So up and up I went, winding along the 765. As it takes you deeper into Kippenrait Glen, the road through becomes restricted to vehicular traffic as it turns up around a tiny waterfall. I stopped on a bridge to stare at the water and ponder why rushing water makes the sound that it does. Some ways up the road, I passed a turning that I’d ambitiously taken on my way back to Bridge of Allan in November, up towards Sheriffmuir, where I’d learned the hard way how to read elevation on a map. And suddenly, much sooner that I remembered, I found myself coming down into Dunblane, racing over a road so smooth, so devoid of all traffic, that I was reminded instantly of those California longboarders, drifting effortlessly down the wide residential streets of the American West. This was perhaps the first place that I’d seen in the British Isles where such a thing might have ever been a possibility, had the road not dumped me out onto a busy roundabout at the bottom.
And there I was, all too suddenly: Dunblane. An insidiously dull town. Home to the Murray brothers and the only school shooting in British history, I came here in November to eat a steak pie by the river and take a leak in the community loo, only to get back on my bike fifteen minutes later and head back home with lack of all else to do. This time, disappointed now at how quickly I’d arrived here and eager – after my mild torment on the way up – to keep going, I swung my bike around the Cathedral and carried on along the 765. It took me up through the houses, again on an incline, past the high school, and out onto a rural path that was so long and unwaveringly straight, lined on both sides with tall trees, that I began to wonder if I was riding through Scotland’s answer to the Tunnel of Love. I turned off and the 765 came to an end, spitting me out in the middle of Doune.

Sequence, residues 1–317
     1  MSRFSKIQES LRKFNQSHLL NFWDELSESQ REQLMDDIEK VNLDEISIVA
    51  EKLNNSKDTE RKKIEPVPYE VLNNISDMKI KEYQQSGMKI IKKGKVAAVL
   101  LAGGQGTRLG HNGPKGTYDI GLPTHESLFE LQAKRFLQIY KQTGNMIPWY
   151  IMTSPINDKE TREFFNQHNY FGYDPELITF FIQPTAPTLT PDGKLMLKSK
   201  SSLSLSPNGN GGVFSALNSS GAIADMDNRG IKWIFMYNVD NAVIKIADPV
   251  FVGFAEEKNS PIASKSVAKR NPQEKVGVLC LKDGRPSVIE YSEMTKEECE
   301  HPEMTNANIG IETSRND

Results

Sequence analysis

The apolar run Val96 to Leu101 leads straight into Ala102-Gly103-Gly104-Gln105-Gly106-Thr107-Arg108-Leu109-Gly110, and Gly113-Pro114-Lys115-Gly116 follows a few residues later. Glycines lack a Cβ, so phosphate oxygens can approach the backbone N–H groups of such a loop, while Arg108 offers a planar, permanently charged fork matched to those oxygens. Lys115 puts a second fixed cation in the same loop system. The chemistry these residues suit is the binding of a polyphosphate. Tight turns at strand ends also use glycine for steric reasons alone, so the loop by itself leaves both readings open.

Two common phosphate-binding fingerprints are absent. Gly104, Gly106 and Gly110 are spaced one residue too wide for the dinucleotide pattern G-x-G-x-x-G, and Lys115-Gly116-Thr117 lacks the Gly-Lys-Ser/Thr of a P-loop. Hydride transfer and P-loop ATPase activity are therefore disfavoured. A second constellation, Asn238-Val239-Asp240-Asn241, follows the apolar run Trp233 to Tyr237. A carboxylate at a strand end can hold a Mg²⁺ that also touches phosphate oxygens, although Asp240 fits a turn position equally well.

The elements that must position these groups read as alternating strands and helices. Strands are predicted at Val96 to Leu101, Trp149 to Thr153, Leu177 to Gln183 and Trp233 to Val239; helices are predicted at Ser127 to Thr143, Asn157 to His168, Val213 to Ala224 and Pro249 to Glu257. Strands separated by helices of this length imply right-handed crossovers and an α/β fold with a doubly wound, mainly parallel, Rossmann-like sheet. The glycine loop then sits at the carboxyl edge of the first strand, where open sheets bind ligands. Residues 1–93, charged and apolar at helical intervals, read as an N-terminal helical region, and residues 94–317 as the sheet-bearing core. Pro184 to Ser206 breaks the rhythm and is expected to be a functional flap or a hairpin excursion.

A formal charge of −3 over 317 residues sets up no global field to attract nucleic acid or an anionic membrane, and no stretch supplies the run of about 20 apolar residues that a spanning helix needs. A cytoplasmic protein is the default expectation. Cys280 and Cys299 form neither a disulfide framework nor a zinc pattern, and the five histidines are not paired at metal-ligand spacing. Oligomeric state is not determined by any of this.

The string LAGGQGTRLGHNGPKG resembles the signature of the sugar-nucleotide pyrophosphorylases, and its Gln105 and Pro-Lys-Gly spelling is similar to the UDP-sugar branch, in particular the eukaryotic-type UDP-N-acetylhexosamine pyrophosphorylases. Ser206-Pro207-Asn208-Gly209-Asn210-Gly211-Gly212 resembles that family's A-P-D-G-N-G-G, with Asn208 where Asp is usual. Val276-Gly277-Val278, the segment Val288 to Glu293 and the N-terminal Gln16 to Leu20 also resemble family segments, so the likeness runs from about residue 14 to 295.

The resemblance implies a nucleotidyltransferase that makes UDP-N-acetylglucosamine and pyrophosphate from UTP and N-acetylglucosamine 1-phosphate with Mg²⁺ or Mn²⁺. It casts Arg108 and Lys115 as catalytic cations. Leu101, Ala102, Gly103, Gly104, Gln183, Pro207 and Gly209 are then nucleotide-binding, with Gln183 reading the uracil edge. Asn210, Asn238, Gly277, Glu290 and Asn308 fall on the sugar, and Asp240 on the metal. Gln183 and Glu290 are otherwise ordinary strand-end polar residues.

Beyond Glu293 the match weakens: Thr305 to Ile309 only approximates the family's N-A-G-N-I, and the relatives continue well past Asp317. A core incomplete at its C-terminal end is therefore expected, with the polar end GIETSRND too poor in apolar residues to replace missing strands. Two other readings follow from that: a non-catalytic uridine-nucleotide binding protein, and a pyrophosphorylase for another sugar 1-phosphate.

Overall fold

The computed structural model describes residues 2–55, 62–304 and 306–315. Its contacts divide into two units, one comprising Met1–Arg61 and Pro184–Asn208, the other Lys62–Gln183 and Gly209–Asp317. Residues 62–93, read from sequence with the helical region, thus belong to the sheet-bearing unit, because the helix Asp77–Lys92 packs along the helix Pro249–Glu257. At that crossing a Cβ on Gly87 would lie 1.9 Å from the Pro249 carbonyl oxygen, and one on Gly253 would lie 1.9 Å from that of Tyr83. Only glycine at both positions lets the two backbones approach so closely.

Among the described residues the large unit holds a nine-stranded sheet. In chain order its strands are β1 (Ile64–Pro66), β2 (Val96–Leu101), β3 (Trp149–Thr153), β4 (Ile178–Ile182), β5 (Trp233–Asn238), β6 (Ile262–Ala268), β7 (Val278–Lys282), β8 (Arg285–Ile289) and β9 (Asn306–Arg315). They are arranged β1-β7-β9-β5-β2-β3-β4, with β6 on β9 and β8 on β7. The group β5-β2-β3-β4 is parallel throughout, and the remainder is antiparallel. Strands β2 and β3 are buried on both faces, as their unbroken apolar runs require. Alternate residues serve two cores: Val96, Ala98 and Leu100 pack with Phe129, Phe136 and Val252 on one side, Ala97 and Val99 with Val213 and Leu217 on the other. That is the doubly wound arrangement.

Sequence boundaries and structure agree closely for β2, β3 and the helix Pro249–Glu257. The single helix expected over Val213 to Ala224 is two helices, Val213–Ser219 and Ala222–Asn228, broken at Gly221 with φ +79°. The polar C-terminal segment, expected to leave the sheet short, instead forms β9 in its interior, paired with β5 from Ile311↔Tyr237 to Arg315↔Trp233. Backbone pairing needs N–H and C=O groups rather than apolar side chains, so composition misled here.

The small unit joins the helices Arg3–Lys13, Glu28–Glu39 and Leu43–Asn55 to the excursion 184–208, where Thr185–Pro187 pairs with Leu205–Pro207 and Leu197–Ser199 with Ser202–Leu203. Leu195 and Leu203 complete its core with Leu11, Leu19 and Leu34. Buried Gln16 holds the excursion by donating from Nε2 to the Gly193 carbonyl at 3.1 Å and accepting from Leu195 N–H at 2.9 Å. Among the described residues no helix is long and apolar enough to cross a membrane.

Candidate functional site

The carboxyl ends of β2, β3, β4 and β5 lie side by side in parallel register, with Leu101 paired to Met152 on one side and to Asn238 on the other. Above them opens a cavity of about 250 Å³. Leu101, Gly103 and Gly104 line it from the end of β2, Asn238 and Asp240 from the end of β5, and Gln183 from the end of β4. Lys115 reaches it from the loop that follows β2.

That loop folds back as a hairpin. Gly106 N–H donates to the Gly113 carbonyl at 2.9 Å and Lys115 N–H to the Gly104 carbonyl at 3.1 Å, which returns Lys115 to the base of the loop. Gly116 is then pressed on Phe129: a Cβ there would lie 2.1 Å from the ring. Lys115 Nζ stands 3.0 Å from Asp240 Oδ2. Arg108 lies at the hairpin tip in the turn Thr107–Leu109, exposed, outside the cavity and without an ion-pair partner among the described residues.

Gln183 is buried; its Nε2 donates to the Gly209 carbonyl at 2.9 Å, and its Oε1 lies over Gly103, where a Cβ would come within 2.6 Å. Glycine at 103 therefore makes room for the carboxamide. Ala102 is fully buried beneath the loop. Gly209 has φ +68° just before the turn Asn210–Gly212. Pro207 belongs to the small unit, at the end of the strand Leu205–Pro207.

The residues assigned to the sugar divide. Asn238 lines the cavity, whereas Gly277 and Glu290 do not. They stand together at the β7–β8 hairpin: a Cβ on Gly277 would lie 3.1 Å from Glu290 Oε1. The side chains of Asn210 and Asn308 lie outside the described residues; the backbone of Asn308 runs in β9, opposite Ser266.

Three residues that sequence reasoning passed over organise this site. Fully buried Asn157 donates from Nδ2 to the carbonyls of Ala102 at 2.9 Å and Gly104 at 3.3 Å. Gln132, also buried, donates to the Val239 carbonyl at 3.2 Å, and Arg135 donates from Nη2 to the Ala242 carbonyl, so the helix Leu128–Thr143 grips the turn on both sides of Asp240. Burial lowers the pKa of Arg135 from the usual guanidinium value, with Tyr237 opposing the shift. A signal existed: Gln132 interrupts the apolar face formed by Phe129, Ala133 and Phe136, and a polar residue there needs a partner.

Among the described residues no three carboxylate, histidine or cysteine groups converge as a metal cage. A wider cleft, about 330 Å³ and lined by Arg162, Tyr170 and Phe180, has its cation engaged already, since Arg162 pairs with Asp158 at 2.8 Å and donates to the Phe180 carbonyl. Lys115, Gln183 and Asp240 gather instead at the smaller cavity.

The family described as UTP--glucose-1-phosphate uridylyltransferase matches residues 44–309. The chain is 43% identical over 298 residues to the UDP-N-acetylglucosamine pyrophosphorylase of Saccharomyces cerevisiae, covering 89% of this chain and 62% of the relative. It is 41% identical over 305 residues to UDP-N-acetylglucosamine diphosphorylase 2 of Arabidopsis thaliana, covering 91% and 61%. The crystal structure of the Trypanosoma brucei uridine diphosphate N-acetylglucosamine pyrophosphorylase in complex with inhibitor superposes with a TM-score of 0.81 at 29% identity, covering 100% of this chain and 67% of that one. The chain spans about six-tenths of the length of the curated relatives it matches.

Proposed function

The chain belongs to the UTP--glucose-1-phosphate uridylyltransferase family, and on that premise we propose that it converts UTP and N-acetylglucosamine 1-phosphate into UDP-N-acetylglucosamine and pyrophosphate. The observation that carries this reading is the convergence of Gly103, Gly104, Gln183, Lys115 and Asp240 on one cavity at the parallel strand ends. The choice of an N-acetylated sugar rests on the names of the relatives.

The National Cycle Network is a thing of beauty, but as soon as it ends – or, more often, as soon as I take a wrong turn and fall off of it – I’m entirely useless at finding my way. Doune is a village (read: not a town) that boasts a famous castle. I’d been meaning to ride up here for some time now to check it out, but even though the route ended in the middle of Main Street, I still lost my way. I found myself heading down an A-road back towards Stirling, legs in need of a break now, and got stuck going the wrong way up a one-way street, but soon, finally, I’d managed to locate the castle, shrouded by trees some hundred metres off the main stretch.
I hung out here for some time, surprised to find that Winterfell (as it was before Northern Ireland’s Castle Ward had taken over the role) was surrounded by a river. I live a stone’s throw now from the Forth and waterways have become a casual feature in my life, but I found myself altogether disinterested in the castle, drawn instead to the banks of the Teith, where I crashed down onto the grass and sat a while, crunching on shortbread (also reduced from Tesco) and gazing at a fisherman on the other side until I began to feel the chill.
I stood. There was still the minor issue of getting back. Doune is too far removed and far too small to be serviced by a train station, so perhaps the most direct route back home would be to head back through the Tunnel of Love and jump on the train in Dunblane. And yet, my mind wandered to the wider Stirling cycle map tacked to my bedroom wall. I’d stared at it so often in the months past that its routes had been burned onto the backs of my eyes, and I knew that there was a path nearby that would take me back down into Bridge of Allan, dropping me off down by the abattoir on the short circular route that I used to ride on my days off before I realised that my legs had the ability to go much further.
And so I went. I wrote a post once about being unable to reach the top of a hill, and now, after climbing many more, I found myself coming down it. I flew past a bank of trees that I’d once photographed as the autumn sun set it alight from its perch on top of the horizon. The Trossachs rose in the distance behind me as I raced home, back down through the old burbs, now invigorated by how far I’d come and how close I was to the finish line.
I stumbled inside. I stood in the kitchen, alive to the tips of every nerve ending. For the pure, senseless joy of it all.